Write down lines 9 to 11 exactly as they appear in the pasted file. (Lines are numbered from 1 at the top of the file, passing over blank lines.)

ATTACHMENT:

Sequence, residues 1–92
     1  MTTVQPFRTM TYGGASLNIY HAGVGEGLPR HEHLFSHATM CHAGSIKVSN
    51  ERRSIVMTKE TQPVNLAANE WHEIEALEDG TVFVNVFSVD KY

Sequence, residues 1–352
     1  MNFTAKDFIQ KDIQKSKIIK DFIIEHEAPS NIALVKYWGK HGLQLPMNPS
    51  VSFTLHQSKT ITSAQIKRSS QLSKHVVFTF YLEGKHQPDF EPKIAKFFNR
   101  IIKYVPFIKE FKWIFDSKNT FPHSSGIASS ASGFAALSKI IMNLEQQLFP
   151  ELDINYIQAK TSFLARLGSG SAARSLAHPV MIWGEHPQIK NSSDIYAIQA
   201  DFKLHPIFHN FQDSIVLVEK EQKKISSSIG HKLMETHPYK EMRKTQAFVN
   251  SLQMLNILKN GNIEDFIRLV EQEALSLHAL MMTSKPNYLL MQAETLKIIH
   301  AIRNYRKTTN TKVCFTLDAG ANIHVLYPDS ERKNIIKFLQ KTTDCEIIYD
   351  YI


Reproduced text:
   201  DFKLHPIFHN FQDSIVLVEK EQKKISSSIG HKLMETHPYK EMRKTQAFVN
   251  SLQMLNILKN GNIEDFIRLV EQEALSLHAL MMTSKPNYLL MQAETLKIIH
   301  AIRNYRKTTN TKVCFTLDAG ANIHVLYPDS ERKNIIKFLQ KTTDCEIIYD